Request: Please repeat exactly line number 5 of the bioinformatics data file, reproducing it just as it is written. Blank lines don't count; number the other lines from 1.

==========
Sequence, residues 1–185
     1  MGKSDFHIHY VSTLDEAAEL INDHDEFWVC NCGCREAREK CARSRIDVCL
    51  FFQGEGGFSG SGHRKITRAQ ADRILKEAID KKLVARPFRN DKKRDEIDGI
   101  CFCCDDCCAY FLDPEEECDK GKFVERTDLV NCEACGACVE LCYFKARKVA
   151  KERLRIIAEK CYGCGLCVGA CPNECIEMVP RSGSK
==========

   151  KERLRIIAEK CYGCGLCVGA CPNECIEMVP RSGSK